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Regarding promises

By: admin


What is the definition of promise in Islam? Consider two examples:

My wife asked me when I am going to finish my Ph.D. I told her Insha Allah by end of 2001. When I have not finished by then, she says I have broken my promise. I told her that she cannot consider it as a promise as it is only my target/estimation. But she insists that I have broken a promise. Is she right?

I have told my son he can play on the computer with certain conditions. However later on, I feel I need to change/put another condition. My son argued that I cannot do that as I will be breaking my previous promise, unless he agrees to the change. Is he right?

Jazakallahu khairan kathira.



“Promise’ is not defined by the Shari`ah. The Shari`ah has only directed us to fulfill – in letter and spirit – all that we call ‘promise’. As a principle, however, a promise is a commitment to do something.

It is quite obvious that the first of the two stated situations clearly does not constitute a promise on your part. It may, under certain circumstances, be considered as a case of incorrect estimation on your part, but it cannot be considered as a broken promise. However, had you, for instance, said: ‘If my PhD is not completed by the end of the year 2001, then I shall withdraw from the program’, this could indeed have been considered as a promise. Nevertheless, merely announcing one’s estimation about the happening of an incident, can under no circumstances be considered as a ‘promise’.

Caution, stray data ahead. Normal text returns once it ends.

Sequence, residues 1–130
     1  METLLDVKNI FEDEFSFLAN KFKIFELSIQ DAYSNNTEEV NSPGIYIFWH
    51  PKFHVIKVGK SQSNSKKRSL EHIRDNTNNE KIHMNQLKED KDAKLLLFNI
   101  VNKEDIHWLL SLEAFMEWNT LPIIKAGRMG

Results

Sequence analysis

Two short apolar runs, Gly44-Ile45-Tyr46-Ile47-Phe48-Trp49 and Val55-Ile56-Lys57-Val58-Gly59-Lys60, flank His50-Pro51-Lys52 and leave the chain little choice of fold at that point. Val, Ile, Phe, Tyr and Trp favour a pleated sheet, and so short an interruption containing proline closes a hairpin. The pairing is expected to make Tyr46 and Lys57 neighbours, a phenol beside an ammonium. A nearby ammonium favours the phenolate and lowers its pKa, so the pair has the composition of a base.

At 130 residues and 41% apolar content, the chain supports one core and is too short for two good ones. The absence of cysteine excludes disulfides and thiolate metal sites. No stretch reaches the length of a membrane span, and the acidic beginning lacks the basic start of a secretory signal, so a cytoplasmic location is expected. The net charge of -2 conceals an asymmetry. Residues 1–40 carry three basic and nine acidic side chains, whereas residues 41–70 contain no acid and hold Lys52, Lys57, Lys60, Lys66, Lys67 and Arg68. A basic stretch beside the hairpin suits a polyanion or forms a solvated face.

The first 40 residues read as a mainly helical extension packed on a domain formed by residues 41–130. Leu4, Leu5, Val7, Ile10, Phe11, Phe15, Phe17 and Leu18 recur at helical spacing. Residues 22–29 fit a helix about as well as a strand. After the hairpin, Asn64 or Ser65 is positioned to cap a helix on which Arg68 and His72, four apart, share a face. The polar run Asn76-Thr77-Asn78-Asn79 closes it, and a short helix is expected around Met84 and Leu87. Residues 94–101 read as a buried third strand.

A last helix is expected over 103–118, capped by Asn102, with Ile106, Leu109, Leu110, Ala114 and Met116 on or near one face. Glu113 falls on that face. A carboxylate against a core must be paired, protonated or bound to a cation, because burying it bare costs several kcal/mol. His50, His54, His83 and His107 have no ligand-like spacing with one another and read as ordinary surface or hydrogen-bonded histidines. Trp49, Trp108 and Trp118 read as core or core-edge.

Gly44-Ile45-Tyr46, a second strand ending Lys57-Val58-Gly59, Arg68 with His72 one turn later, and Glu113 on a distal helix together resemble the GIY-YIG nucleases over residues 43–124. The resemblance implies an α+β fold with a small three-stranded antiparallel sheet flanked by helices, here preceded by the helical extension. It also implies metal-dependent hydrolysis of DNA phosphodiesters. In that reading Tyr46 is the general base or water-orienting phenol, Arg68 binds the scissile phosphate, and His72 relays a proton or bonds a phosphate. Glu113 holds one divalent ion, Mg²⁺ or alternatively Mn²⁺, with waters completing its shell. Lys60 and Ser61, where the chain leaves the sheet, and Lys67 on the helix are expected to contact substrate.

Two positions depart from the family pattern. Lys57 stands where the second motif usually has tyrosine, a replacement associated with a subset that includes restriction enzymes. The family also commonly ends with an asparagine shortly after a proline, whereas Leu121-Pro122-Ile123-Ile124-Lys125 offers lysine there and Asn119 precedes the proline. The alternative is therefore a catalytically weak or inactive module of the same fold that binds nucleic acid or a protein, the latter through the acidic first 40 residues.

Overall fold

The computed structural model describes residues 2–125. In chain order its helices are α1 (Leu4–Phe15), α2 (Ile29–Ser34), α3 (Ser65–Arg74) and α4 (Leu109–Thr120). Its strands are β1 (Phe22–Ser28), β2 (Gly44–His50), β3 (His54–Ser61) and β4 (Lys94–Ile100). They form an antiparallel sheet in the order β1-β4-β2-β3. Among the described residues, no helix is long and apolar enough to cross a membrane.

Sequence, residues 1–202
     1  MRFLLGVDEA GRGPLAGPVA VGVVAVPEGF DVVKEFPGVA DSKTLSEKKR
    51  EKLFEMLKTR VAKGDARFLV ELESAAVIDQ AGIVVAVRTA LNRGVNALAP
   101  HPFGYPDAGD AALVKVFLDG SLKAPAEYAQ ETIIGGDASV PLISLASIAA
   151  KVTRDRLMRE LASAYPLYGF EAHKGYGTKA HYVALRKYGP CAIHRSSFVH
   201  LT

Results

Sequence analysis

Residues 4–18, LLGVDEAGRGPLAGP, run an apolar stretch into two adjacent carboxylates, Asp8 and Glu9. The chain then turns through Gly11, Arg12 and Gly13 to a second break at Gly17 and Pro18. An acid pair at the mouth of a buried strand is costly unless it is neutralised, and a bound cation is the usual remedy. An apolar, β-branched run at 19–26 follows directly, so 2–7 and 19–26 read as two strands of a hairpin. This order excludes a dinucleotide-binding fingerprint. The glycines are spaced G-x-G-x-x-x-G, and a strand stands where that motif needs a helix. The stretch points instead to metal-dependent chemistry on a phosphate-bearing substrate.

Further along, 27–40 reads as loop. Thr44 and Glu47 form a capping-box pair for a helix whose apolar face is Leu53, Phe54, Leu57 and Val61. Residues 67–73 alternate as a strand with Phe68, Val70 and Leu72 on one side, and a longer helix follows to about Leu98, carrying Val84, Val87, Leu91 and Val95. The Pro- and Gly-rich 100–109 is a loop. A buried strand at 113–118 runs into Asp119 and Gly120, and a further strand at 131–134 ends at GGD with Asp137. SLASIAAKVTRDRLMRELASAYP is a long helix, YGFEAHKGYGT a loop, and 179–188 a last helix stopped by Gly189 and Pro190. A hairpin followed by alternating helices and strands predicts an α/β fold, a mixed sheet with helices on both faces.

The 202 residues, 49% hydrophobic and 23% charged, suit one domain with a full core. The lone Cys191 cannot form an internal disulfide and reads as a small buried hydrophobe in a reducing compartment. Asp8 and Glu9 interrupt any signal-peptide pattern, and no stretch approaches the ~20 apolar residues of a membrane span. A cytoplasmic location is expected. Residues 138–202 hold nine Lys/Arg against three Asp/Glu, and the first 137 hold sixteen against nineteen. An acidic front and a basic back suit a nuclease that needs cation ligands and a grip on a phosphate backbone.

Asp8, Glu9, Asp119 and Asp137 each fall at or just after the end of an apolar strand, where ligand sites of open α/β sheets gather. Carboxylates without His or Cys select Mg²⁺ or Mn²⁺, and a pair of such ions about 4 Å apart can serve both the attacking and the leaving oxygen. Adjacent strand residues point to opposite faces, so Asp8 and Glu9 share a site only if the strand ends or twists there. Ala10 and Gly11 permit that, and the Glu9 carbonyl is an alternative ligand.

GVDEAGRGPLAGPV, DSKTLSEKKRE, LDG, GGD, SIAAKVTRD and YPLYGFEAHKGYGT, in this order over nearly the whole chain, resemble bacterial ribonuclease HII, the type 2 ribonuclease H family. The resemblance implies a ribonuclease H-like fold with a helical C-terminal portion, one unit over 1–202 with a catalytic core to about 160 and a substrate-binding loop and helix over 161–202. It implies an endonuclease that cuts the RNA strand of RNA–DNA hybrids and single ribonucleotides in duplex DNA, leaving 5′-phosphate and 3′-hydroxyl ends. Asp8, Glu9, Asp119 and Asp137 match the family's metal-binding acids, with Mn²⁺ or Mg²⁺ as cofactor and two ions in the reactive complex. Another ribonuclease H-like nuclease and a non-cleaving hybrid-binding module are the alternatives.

The second situation may or may not, depending upon the circumstances, be considered as breaking a promise. Suppose you had made a commitment with your child to allow him to play games on the computer, if he would study for two hours. Now, at the end of the day, when your child starts playing his games, you stop him from doing so and add another condition to your previous commitment. This would clearly be ‘breaking’ your promise. However, if at the end of the day, you allow the child to play on the computer, but add another condition which shall be effective for future only, then that cannot be considered as breaking your promise.

Hope this helps.


UIUK team

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